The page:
Following the Guardian Council’s decision, only seven candidates among 529 individuals were allowed to run for Iran’s Presidential election scheduled for June 18. The council practically paved the path for Iran’s current Judiciary Chief Ebrahim Raisi—who has yet to resign from his position—to take office.
The Guardian Council, which is consisted of six faqihs, or expert clerics, appointed by the Supreme Leader Ali Khamenei and six jurists appointed by the Judiciary Chief, himself appointed by the Supreme Leader, barred potential rivals for Raisi’s presidency. Ali Larijani, the former Parliament Speaker; Mahmoud Ahmadinejad, the former President; and Eshaq Jahangiri, the current Vice-President, were among the disqualified candidates.
Raisi urged the council to reconsider the situation of several candidates, fearing public apathy toward the election. “I have made contacts, and I am holding consultations to make the election scene more competitive and participatory,” he sarcastically wrote on the banned Twitter platform while the Judiciary he leads has appointed six members of the 12-member council.
This election is taking place while the gap between the state and society has unprecedentedly widened and deepened. Fifty percent inflation, high prices of essential goods, systematic corruption, and the government’s failure to address the most fundamental grievances of citizens have caused an imminence distrust and even hatred toward the entire ruling system.
Due to his record, Raisi is considered as Khamenei’s favorite candidate for the election. As the deputy prosecutor of Tehran in 1988, he was a leading implementor of the extrajudicial executions that summer based on the Islamic Republic founder Ruhollah Khomeini’s fatwa.
According to the opposition Mojahedin-e Khalq (MEK/PMOI), the government mass executed at least 30,000 political prisoners in 1988, mostly affiliated with the MEK. “Whoever at any stage continues to belong to the MEK must be executed. Annihilate the enemies of Islam immediately,” read Khomeini’s fatwa.
In an open letter published on May 3, some 152 former United Nations officials, human rights experts, and jurists urged UN High Commissioner for Human Rights Michelle Bachelet to establish a commission of inquiry into Iran’s 1988 extrajudicial executions of thousands of political prisoners.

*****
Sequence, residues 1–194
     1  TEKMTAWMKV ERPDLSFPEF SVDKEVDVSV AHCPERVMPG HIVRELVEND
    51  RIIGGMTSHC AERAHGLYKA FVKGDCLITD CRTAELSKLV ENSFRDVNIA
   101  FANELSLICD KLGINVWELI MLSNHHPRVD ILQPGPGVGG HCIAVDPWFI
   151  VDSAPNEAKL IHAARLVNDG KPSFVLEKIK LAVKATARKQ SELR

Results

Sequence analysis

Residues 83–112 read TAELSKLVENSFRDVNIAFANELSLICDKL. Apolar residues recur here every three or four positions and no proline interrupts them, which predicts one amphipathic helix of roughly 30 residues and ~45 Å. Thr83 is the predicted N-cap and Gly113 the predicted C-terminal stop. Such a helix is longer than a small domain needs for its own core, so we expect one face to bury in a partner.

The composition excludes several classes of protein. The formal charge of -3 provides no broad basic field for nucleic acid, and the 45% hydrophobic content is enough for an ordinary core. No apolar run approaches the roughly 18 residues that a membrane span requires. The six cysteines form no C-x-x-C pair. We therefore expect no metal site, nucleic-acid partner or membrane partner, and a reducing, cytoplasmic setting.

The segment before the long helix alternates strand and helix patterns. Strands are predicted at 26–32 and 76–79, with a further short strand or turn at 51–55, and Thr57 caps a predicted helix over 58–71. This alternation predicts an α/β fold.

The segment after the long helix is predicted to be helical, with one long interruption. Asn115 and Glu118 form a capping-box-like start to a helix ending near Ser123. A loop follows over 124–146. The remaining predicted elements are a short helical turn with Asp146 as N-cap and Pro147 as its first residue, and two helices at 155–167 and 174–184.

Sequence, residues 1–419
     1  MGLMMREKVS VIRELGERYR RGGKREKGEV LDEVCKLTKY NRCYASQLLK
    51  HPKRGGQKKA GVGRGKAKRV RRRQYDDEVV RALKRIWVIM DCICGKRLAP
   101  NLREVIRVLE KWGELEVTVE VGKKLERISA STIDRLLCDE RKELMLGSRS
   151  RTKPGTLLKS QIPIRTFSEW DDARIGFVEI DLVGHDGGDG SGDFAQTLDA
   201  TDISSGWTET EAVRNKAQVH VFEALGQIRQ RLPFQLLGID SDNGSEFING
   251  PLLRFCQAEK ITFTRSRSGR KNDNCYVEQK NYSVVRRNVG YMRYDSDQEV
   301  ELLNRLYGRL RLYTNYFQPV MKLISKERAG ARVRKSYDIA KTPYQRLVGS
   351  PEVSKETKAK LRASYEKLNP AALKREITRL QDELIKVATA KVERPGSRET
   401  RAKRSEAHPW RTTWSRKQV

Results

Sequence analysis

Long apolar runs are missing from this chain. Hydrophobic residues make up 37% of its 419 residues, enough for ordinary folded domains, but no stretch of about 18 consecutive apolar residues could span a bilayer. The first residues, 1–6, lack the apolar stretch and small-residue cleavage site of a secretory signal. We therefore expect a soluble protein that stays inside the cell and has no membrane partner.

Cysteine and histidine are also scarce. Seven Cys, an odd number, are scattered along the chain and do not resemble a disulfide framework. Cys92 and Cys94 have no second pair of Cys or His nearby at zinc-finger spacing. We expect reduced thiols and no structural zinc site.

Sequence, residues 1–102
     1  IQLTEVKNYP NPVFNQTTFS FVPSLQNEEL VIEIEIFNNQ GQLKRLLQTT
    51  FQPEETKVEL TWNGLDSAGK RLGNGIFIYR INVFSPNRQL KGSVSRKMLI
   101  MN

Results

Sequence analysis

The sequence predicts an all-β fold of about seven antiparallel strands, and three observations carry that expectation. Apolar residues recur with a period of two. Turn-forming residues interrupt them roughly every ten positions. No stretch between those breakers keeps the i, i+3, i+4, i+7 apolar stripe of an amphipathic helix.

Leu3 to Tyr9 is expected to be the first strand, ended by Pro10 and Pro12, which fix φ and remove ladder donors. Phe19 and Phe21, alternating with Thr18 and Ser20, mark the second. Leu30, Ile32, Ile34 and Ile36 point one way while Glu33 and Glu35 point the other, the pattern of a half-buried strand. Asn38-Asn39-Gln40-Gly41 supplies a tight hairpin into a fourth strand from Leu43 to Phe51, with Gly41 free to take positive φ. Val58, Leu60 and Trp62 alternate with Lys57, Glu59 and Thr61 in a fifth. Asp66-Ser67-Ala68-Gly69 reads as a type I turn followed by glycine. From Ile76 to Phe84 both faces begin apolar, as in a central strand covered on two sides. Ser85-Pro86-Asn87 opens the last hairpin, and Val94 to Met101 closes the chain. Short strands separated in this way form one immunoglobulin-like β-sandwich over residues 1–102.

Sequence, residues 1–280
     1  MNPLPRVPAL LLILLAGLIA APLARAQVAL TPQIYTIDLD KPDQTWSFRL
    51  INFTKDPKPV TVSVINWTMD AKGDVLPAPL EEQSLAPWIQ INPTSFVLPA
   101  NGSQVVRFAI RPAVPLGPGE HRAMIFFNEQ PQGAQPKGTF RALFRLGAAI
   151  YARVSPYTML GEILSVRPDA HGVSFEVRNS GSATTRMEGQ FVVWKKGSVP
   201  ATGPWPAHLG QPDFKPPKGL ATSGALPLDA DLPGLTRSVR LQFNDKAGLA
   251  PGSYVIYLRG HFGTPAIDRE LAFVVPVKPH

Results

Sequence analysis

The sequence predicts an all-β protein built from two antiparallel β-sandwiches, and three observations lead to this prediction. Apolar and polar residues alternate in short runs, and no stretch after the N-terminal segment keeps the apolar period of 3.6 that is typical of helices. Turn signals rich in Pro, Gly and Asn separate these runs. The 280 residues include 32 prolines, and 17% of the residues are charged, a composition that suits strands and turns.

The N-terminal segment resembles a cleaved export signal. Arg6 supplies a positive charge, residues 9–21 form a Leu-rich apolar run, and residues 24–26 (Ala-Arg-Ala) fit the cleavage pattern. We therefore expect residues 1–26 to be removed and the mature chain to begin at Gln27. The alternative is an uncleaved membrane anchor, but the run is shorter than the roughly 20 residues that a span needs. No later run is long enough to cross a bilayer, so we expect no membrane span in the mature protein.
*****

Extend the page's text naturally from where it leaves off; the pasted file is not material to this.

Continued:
Previously, on September 3, 2020, seven UN special rapporteurs had announced that the 1988 extrajudicial executions and forced disappearances of thousands of political prisoners may amount to crimes against humanity.
Furthermore, in a backlash to Khamenei’s desire to appoint Raisi as President, Iranian dissidents intensified their activities inside Iran and abroad, revealing Raisi’s crimes against MEK members and supporters in 1988 and his harrowing human rights record as the judiciary chief.
However, in flagrant defiance of international and domestic appeals, the Khamenei-controlled Guardian Council qualified ‘lucky Raisi’ and ‘six hopeful losers’ to run for the Presidential competition. With such action, the supreme leader obviously announced his unilateral path for maximum isolation.
Khamenei practically put an end to the Vienna-based nuclear negotiations despite appeaser counterparties’ willingness to offer sanctions relief to Tehran at all costs. In such circumstances, not only does reviving the 2015 Iran nuclear deal not loom but signing any accord is unlikely.
Meanwhile, the supreme leader as the highest authority was forced to ignore the game of reformists versus hardliners. For years, Iranian ‘reformists’ were terrifying the United States and European governments about a ‘hardline administration’ to gain international privileges. Currently, Khamenei fears the popular slogan during anti-establishment protests, chanted, “Reformists, hardliners, the game is over.”
Indeed, Khamenei’s decision made his domestic opponents concerned severely. In a letter to the supreme leader, ‘reformist’ President Hassan Rouhani urged Khamenei to order the Guardian Council to make changes in final lists declared by the council. “The president has ordered the interior minister to avoid announcing the Guardian Council’s lists,” said Mohammad Mohajeri, a journalist and politician affiliated with Khamenei’s faction.
Notably, an official opinion poll conducted by the Broadcasting Organization (IRIB) in May estimates turnout in the vote would be as low as 30 percent, significantly lower than any election held in the past 40 years.
Recently, in a street interview with the state-run Ara TV Channel on May 20, citizens had announced a boycott of the election. “I would not vote alike,” “I don’t vote,” “Why should I vote,” and “Nothing will change with my vote,” said ordinary citizens during the interview.
It is worth noting that the interview had been conducted and aired several days before the Guardian Council’s declaration about candidates. At the time, ‘reformists’ thought that their candidates would drag people to the polls meaning the society had already rejected the current establishment with its entire divisions.
Regarding Khamenei’s recent decision to purge all rivals, the possible turnout would be far lower than any prior estimation. However, the supreme leader seemingly prefers to clarify all opponents and applies his absolute power to countering growing protests inside the country and international isolation abroad.